The 2018 anti-trafficking law stated trafficking victims should not be detained, charged, or prosecuted for their involvement in any unlawful activity that was a direct consequence of being exploited. The government continued operating transit centers with the purpose of reintegrating people with “deviant behaviors,” including but not limited to commercial sex, drug use, begging, vagrancy, and informal street vending. Government officials stated these centers provided detainees with psychological counseling, education, vocational training, and reintegration services. However, advocacy groups and NGOs reported authorities continued to detain thousands of vulnerable persons, including adults and children in commercial sex, children experiencing homelessness, and children exploited in forced begging at these centers. In addition, authorities did not conduct proactive, adequate screening for trafficking indicators or refer potential victims to care. Observers reported the government held many potential victims of trafficking for up to six months in these centers before abruptly releasing them back on the streets, and that this practice exposed them to possible re-victimization. Former detainees often reported being detained and moving through the transit centers a few times a year. NGOs also reported that due to uneven training, law enforcement officials may have arrested potential foreign national trafficking victims on immigration charges and deported them without first conducting adequate screening.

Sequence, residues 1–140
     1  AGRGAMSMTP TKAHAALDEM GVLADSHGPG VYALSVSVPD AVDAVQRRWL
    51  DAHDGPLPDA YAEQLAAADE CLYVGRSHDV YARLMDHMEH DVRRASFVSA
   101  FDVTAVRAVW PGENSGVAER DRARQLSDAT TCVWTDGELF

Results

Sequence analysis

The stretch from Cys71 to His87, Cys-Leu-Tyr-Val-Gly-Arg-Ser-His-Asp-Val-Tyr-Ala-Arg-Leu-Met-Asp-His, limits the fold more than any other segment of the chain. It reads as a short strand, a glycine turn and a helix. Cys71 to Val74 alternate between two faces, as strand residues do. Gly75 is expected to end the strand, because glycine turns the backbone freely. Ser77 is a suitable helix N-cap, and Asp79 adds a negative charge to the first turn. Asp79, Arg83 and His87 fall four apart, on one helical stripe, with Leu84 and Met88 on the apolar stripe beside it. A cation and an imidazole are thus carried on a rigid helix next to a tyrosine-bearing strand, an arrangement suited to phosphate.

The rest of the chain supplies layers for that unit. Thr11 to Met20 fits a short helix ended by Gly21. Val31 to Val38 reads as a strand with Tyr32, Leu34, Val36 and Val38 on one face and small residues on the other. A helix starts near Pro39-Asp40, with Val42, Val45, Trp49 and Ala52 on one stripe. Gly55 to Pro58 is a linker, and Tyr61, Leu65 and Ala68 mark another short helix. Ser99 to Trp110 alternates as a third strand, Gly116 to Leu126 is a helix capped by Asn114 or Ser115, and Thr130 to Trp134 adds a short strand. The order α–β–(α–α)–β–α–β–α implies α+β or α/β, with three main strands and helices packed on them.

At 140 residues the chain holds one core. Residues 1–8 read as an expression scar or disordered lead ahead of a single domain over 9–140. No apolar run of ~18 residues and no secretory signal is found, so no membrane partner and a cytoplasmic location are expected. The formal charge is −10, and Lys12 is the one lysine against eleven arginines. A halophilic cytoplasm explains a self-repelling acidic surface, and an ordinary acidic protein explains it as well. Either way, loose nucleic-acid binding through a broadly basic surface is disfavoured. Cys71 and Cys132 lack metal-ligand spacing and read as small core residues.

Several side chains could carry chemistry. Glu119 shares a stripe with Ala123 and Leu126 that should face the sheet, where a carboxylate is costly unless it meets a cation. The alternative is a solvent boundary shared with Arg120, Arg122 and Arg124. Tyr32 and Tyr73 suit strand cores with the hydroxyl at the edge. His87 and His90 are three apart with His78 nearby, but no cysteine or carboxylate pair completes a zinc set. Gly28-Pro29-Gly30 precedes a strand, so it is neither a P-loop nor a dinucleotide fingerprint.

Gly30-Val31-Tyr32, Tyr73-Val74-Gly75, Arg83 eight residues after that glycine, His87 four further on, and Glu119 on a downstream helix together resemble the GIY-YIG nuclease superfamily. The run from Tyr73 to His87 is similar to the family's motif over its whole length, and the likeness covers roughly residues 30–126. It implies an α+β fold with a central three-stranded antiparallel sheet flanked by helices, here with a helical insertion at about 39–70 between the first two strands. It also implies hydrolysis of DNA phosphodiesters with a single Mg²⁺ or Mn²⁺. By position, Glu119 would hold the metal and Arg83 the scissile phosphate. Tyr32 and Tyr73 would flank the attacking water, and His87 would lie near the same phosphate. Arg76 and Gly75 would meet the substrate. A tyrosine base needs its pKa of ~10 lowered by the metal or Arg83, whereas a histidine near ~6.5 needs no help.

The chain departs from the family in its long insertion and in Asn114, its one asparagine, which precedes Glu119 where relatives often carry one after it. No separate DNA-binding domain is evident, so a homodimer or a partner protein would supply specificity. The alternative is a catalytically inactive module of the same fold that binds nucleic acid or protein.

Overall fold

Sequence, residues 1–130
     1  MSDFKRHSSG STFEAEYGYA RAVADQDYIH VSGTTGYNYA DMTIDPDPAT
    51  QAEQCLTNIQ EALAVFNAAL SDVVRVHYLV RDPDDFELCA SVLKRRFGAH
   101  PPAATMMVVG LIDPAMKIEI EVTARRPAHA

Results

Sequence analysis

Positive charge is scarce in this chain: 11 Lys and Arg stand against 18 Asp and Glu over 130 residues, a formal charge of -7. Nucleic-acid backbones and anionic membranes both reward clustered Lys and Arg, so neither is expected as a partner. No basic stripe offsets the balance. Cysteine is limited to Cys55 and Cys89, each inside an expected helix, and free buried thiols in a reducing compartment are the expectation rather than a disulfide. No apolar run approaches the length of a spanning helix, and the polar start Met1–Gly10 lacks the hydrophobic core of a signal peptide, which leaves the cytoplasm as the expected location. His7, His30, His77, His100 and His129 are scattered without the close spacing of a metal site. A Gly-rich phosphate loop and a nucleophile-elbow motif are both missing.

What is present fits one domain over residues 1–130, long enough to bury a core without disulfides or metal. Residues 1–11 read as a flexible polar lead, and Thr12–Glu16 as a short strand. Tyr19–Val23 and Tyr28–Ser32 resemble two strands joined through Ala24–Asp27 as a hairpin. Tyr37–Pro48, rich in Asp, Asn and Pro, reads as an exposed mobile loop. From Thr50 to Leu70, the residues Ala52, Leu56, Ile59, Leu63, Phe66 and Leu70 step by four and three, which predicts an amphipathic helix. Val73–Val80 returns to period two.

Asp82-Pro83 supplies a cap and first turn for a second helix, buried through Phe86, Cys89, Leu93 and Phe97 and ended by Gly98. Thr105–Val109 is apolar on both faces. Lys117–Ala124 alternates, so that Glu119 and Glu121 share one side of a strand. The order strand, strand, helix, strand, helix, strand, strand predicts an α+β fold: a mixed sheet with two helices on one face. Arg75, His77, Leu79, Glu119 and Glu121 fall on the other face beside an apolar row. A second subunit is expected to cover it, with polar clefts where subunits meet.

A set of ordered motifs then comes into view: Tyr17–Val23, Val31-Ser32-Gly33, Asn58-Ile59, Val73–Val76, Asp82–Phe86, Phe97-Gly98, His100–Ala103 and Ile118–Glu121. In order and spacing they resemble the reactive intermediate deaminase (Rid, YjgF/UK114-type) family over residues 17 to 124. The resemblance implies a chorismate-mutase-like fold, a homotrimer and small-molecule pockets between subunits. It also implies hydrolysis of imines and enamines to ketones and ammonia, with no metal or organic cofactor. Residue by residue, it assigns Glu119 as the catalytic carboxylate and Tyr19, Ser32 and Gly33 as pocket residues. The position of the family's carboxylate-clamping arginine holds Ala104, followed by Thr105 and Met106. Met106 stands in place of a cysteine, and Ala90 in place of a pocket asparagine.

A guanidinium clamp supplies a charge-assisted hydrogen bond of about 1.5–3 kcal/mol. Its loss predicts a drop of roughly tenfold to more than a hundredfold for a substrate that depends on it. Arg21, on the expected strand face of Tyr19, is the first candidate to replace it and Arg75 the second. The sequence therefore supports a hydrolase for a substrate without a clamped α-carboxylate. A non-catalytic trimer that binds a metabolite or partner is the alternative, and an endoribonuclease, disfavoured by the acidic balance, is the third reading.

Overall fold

The government repatriated Rwandan victims identified abroad; however, the government lacked capacity and support to reintegrate trafficking victims into their respective communities. Rwanda’s anti-trafficking law requires the government to provide support to Rwandan trafficking victims abroad by covering the cost of transportation and repatriation to Rwanda. The 2018 anti-trafficking law states that ministerial orders would provide victims with other particular means of support. The government collaborated with an international organization to draft SOPs that would serve as the basis for these ministerial orders; however, the SOPs had yet to be adopted at the end of the reporting period. Local media reported that victims received 250,000 Rwandan francs ($270) upon their return to their home districts; however, the government did not report the number of victims who received these funds. The government’s diplomatic staff occasionally offered assistance to Rwandan trafficking victims overseas. Officials assisted a 40-year-old Rwandan victim who was exploited in Kuwait and escaped to Dubai, where the embassy offered her shelter in a private home and processed her travel documents for repatriation. The 2018 anti-trafficking law called for the government to provide legal assistance and information to victims in a language they understood; however, the government did not report the number of potential victims to whom it disseminated this information. The National Public Prosecution Authority continued to operate two safe houses for witnesses in criminal cases, which were available to trafficking victims; however, the government did not report the number of trafficking victims who used safe houses during the reporting period, compared to six during the previous reporting period. RIB reported 100 victims assisted in investigations during the reporting period. An NGO previously reported that seven of the one-stop centers were equipped with video recording equipment to allow victims the ability to testify via video testimony; however, the government did not report using this option during the reporting period. The anti-trafficking law also protected the identity of victims by allowing court proceedings to be conducted in camera and permitting the use of a video link, but the government did not report providing any victims with these protections during the reporting period. The anti-trafficking law continued to permit foreign victims to remain in Rwanda for a minimum of six months or until legal proceedings concluded. The government did not report whether it granted this immigration relief to any victims during the reporting period; however, the government did report efforts not to deport foreign victims who faced retribution in their home countries. The anti-trafficking law continued to allow victims to file civil suits against traffickers and stated that victims are exempt from paying any associated filing fees, but the government did not report any suits filed during the reporting period.